Screaming Colours takes Midland National glory

Screaming Colours continued Ireland’s domination from Cheltenham when taking the Boulton Group Midlands Grand National at Uttoxeter.

William Durkan’s raider from County Dublin had just the one run since finishing fourth in this race 12 months ago, and targeting the long-distance handicap chase reaped a handsome dividend this time.

Conditional jockey Conor Orr, who claims 3lb, brought his mount into contention in the straight with four fences left and began to bid for honours with El Paso Wood and Truckers Lodge, the winner in 2020.

Screaming Colours (12-1) had every chance two out and held a definite advantage over the final obstacle. He was ridden out to take the glory by 10 lengths from the staying-on Young Dev (10-1), with last year’s winner Time To Get Up, the 11-4 favourite, in third.

El Paso Wood, an 80-1 outsider, ran a massive race to finish fourth, while there was drama as the field set out on the last of their three circuits when Achille and his jockey Hugh Nugent parted company on the flat.

Orr said: “He loved that soft ground and I knew I had plenty of horse all throughout the race. He can go there fresh or he can have a couple of races and he will just be spot on, the lads will have him spot on.

“We came here hopeful, especially when there was that little bit of ease in the ground. We wanted the rain as he went well here last time but it dried out a little bit. We were very confident coming here this time with the rain.

“It’ll be brilliant for William, they’re not a big team, it’s mainly family. It’s brilliant for me to get the chances for them and to repay them.”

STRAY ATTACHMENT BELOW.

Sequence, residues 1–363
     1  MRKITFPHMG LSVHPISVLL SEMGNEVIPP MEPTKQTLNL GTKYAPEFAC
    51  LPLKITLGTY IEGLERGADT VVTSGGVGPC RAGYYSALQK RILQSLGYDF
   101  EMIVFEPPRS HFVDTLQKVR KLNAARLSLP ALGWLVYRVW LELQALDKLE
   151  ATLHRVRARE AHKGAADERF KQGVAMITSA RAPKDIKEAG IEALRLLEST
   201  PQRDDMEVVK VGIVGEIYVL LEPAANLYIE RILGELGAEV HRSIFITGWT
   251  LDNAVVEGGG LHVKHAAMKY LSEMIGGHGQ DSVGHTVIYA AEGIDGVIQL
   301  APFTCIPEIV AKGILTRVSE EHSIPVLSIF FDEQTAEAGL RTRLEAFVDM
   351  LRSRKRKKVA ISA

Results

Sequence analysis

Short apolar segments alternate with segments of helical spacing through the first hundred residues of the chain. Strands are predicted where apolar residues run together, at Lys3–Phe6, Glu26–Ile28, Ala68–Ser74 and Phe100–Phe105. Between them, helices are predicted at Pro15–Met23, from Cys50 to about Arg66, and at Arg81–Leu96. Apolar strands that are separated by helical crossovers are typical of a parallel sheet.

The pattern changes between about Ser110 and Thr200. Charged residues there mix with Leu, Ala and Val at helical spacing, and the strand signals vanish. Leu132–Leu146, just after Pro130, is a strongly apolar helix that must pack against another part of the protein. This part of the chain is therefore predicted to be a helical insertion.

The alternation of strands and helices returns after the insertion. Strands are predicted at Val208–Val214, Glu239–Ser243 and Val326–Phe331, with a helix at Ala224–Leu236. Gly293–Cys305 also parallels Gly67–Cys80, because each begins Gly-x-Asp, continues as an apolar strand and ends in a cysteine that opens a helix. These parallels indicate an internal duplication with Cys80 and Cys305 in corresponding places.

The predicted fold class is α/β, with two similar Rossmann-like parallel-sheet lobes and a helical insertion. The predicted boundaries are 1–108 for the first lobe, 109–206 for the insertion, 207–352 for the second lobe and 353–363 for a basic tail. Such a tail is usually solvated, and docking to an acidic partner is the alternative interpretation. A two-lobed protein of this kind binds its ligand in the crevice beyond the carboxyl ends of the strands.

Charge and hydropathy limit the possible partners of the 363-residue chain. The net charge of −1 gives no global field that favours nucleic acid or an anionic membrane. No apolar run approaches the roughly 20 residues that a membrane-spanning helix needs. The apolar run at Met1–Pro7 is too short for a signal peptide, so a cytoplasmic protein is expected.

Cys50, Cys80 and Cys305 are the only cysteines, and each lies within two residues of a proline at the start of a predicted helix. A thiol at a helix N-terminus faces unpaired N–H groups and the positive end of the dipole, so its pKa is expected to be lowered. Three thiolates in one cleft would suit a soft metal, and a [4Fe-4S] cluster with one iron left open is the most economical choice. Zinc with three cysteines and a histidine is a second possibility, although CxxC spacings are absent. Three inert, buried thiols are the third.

Durkan’s son, Neil, said: “It’s superb, we were here last year and we were a little bit unlucky with the way the ground dried out. When the rain came on Wednesday we were delighted to see that, a lot of people complained about it but it was perfect for us.

“He’s an 11-year-old in a nine-year-old’s legs and skin, he’s so lightly raced. He’s just one of these horses that gives you everything, he was just galloping all the way to the line. He never gave up once.

“We had a little injury, a setback with him and he’s not run since Cork in October, but to be fair he’s given 100 per cent.”

The Durkan name is a famous one not only in Ireland, but in racing worldwide. Durkan’s late son, John, famously bought Istabraq to go jumping for JP McManus, before tragically dying from leukaemia.

Asked what he would have made of the victory, Neil Durkan added: “He’d have a wry smile on his face and probably be disappointed he wasn’t here to ride him himself.

“It’s a bittersweet day because when he crossed the line John’s not here to enjoy it.”

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